Report on Intellectual Property Rights Policy Roundtable for Columbia Pubscape
NSDL CIS Project

December 2000

Submitted by Kate Wittenberg, Project Director
Director, Electronic Publishing Initiative at Columbia (EPIC)
Senior Executive Editor, Columbia University Press

On December 15, 2000, the Electronic Publishing Initiative at Columbia (EPIC) sponsored a roundtable discussion on intellectual property rights policy at the Columbia University Law School. The purpose of the discussion was to solicit the comments and perspective of those who will be affected by intellectual rights policies in the digital library environment as authors, users, and disseminators of scholarly and educational scientific content. We plant o use the results of this discussion to understand the important issues in this emerging area and to create a framework for developing policies and the accompanying technologies to manage rights within a digital science library on a large scale.

The discussion was not scripted and was lead by June Beseck and Jane Ginsburg, professors at the Columbia Law School whose academic work focuses on the issues if intellectual property and copyright. The roundtable was by invitation, and included the following participants:

Project PIs and staff in attendance included:

Summary of Discussion

We focused the discussion by posing the following questions:

  1. What are the necessary/desirable components of a digital rights management system for author? For publishers? For users?

  2. What type of information and/or tracking would authors or other copyright owners want the system to provide with respect to their work?

  3. To what extent is technological protection appropriate to ensure that users have valid access to the system and comply with any restrictions placed on the material by authors or other copyright owners?

  4. To what extent is technological protection appropriate to ensure that users are accessing the authentic version of the content?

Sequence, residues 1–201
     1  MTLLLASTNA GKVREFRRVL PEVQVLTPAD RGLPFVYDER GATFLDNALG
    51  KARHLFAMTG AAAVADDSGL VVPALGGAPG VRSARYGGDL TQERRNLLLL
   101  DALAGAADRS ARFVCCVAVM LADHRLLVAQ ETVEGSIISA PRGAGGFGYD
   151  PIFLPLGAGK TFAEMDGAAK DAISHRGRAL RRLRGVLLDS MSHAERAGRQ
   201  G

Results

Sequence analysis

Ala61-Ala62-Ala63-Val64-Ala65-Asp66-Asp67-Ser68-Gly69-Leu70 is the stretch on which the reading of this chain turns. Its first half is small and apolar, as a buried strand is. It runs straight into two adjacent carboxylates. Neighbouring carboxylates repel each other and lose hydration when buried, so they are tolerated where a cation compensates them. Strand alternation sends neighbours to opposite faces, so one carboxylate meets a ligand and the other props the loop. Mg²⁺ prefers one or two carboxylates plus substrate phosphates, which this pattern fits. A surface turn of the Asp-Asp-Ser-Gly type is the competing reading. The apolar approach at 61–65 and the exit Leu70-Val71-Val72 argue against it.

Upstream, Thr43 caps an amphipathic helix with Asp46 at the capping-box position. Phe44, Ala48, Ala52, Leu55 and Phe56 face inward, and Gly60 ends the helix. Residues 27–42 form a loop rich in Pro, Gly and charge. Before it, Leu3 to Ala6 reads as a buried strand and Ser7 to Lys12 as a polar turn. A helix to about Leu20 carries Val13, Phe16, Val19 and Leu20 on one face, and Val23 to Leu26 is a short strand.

5. How can a digital rights management system for educational materials provide an appropriate level of protection for authors and at the same time accommodate users' privileges, such as fair use?

  6. What incentives would publishers have to participate in such a digital rights management system? What incentives would the system have to include them?

  7. What effect would authors' participation in the NSDL rights management system have on their potential ability to publish their work through more traditional channels?

Major issues raised by participants during the discussion

Two issues that emerged as being of primary importance in the creation of a digital rights management system are:

  1. Integrity
  2. Payment

Comments on Integrity of content:

The integrity of the content is critical to the library's usefulness to scholars and educators. How do we protect the integrity of content in the digital library environment?

Some reasons for using technological protections include:

Many publishers use the honor system rather than technological means for ensuring the authenticated nature of the content on their products.

One possible role for the digital rights management system is a tracking mechanism to ensure that author receives scholarly credit for use of his or her material.

Will users give up some rights to privacy in exchange for better quality information from a digital library?

Comments on Payment for content:

Summary of policy issues raised that will be considered in building the rights management technology:

Levels of restriction

Cost and Revenue

Authenticity and integrity of electronic materials